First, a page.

Tips for keeping dogs safe during coyote mating season

Jan 20, 2024

It’s that time of year when coyotes are searching for mates and laying claim to the territories where they’ll be raising their pups in the spring. As coyotes become more territorial, wildlife experts caution people to keep a closer eye on their dogs. 

The coyote mating season lasts from late January through March. During this time, coyotes can be more aggressive and may attack any dog that strays through their territory. Most of these attacks involve dogs that are either off leash or loose in backyards, according to the Massachusetts Division of Fisheries and Wildlife. 

Dartmouth Animal Control Officer Sandy Gosselin said that people need to keep their dogs close.

“Keep your dogs on a leash unless they have great recall,” Gosselin said. 

Coyotes are on high alert, and they’re more likely to see a large dog as a threat to their territory. Coyotes see small dogs as prey, Gosselin said, so don’t let them out into fenced yards unsupervised. 

Though coyotes are “bolder” during their mating season, she said coyote reports are no higher now than at any other time of the year. 

“We learn to live with ‘em,” she said. 

Even still, there are some things people can do to keep coyotes away from their homes and pets. People should avoid stacking brush or grass clippings near their home, she said, as coyotes may use this as a den to raise their litters. Crawl spaces and the space under decks also make attractive dens, so MassWildlife recommends closing those areas off. 

One way to keep the coyotes away is to avoid feeding them. People can accidentally make their properties attractive to coyotes by leaving their garbage out or throwing tasty nuggets of food in unsecured compost piles. Coyotes are opportunists, she said, and they’ll go wherever they can find food and shelter. To keep this from happening, she said that people should scare coyotes off of their properties.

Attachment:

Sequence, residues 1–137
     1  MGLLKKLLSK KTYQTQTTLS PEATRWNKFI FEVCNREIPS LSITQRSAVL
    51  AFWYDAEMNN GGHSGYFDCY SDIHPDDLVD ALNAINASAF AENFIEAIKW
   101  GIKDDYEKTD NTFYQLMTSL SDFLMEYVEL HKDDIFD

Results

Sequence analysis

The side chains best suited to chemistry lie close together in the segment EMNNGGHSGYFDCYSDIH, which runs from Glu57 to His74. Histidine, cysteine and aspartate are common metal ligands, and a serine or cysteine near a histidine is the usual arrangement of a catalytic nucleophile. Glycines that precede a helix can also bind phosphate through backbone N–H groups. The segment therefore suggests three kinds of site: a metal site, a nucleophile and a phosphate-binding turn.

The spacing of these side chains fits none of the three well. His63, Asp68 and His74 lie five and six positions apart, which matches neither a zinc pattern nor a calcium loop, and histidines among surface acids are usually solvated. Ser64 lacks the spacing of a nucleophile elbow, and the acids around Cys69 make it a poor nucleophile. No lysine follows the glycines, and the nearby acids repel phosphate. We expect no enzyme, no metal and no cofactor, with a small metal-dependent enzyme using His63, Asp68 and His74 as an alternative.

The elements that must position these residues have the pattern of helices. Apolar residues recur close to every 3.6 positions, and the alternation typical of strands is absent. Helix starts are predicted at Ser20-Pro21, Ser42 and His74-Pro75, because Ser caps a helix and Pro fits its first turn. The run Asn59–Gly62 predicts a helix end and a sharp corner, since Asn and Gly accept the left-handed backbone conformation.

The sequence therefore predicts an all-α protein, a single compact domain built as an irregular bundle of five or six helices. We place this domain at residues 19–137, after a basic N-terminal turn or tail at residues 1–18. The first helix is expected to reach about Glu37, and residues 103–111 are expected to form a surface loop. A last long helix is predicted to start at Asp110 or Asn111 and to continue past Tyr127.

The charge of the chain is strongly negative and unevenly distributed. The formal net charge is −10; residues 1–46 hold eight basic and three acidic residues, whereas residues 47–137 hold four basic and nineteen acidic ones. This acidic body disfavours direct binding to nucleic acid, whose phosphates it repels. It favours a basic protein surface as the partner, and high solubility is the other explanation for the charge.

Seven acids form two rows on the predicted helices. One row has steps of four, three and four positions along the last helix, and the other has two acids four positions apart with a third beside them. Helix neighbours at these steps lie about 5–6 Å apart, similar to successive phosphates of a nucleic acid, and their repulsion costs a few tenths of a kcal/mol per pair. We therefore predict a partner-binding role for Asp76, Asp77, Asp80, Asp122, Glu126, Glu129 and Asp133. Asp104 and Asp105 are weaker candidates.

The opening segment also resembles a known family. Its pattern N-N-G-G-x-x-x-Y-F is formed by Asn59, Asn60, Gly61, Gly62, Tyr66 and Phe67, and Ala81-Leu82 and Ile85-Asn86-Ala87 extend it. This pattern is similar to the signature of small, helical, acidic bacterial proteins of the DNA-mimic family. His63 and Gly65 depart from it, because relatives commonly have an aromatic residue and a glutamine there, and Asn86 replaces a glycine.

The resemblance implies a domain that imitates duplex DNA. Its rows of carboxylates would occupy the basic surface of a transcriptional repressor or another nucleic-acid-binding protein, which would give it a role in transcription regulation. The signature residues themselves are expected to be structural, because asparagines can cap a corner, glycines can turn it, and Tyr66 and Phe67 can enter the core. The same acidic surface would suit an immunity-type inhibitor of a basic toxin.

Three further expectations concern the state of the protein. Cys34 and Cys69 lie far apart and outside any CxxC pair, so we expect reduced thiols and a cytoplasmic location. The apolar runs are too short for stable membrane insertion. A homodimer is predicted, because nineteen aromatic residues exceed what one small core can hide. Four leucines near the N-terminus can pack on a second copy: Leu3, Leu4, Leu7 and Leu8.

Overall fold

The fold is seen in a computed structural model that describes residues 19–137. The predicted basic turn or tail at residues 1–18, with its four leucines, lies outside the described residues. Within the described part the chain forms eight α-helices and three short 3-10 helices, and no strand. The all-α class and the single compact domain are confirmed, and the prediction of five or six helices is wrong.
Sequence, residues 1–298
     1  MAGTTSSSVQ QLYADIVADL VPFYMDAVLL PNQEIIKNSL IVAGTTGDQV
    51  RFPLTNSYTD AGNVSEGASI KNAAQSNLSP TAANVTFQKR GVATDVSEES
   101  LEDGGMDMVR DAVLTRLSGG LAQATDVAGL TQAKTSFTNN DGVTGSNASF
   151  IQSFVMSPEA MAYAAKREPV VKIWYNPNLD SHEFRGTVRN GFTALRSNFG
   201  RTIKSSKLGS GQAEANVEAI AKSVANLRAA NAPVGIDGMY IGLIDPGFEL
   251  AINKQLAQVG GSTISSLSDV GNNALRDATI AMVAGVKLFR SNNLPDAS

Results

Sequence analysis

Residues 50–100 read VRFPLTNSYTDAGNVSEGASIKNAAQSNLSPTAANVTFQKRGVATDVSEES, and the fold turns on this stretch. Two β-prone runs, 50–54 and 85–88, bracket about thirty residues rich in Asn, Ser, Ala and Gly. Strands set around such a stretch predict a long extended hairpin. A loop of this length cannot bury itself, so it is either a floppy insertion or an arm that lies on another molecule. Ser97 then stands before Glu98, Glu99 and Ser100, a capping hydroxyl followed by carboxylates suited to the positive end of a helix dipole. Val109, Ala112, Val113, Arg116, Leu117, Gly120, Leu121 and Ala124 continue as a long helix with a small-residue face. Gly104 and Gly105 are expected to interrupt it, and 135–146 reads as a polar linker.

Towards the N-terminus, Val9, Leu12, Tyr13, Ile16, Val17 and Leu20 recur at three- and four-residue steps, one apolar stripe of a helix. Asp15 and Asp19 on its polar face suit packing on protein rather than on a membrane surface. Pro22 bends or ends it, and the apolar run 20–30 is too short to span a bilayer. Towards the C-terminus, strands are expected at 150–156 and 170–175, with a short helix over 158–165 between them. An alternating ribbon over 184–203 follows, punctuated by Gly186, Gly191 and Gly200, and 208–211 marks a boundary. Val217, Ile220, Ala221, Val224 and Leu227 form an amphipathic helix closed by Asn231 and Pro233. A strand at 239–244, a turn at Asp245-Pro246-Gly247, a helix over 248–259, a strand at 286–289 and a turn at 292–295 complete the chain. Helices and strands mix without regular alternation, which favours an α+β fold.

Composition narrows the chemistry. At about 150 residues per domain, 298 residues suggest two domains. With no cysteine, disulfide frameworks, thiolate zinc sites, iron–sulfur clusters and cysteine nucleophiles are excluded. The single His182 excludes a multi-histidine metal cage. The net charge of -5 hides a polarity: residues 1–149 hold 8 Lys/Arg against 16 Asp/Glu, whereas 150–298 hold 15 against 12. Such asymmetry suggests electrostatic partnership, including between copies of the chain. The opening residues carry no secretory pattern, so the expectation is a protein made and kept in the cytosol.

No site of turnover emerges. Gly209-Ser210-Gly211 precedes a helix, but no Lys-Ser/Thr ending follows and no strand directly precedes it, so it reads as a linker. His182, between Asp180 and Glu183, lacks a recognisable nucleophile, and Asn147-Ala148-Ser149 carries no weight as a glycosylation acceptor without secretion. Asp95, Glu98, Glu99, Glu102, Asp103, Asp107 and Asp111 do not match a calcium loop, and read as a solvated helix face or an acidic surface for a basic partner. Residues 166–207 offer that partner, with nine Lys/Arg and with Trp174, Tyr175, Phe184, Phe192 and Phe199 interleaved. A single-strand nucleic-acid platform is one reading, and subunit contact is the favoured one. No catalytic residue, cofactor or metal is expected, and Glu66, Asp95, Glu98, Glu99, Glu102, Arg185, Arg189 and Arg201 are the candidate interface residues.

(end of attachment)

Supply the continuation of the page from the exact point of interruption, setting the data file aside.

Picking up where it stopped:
Coyotes are naturally afraid of humans, but that fear diminishes as coyotes spend more time around people. Without that fear of humans, coyotes are more likely to rely on human food sources like garbage and to boldly approach people and their pets. 

To reinstill that fear, wildlife biologists recommend “hazing” or scaring away the coyotes. This can involve yelling at the coyotes, blowing air horns, banging pots and pans, spraying them with a hose, or chasing them off the property. The intent is to scare the coyotes, never to injure them. MassWildlife recommends throwing something harmless like a tennis ball.  

Coyote litters are born in the spring around April and May, a time when coyote females are fiercely protective of their pups. If ever someone encounters a coyote den at this time, Gosselin simply recommends turning around and going the other way. 

“Those coyote mamas are going to do whatever it takes to protect their young,” she said.